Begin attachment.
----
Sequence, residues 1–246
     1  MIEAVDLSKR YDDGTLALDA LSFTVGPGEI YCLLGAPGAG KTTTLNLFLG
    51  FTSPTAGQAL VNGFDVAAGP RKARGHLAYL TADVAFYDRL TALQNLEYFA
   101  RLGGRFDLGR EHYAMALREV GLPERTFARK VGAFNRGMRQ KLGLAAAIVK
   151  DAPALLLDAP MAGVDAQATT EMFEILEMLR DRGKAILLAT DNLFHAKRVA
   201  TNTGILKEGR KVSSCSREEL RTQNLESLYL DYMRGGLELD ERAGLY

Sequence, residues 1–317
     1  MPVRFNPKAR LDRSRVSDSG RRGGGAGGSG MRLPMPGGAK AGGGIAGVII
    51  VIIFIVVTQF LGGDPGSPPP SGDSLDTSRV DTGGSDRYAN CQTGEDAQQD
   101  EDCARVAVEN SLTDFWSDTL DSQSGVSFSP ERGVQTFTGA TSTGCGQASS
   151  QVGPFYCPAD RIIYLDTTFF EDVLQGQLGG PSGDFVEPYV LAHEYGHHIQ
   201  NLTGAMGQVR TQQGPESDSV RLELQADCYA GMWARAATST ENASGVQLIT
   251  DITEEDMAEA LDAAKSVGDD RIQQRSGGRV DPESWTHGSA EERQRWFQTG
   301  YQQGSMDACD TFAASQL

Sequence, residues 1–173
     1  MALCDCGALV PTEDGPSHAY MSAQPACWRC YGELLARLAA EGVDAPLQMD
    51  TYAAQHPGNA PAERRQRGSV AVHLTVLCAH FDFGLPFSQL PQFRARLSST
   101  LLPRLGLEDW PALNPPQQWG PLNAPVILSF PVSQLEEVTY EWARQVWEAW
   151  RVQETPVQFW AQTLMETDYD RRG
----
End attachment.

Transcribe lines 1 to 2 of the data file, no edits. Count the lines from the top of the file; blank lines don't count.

Sequence, residues 1–246
     1  MIEAVDLSKR YDDGTLALDA LSFTVGPGEI YCLLGAPGAG KTTTLNLFLG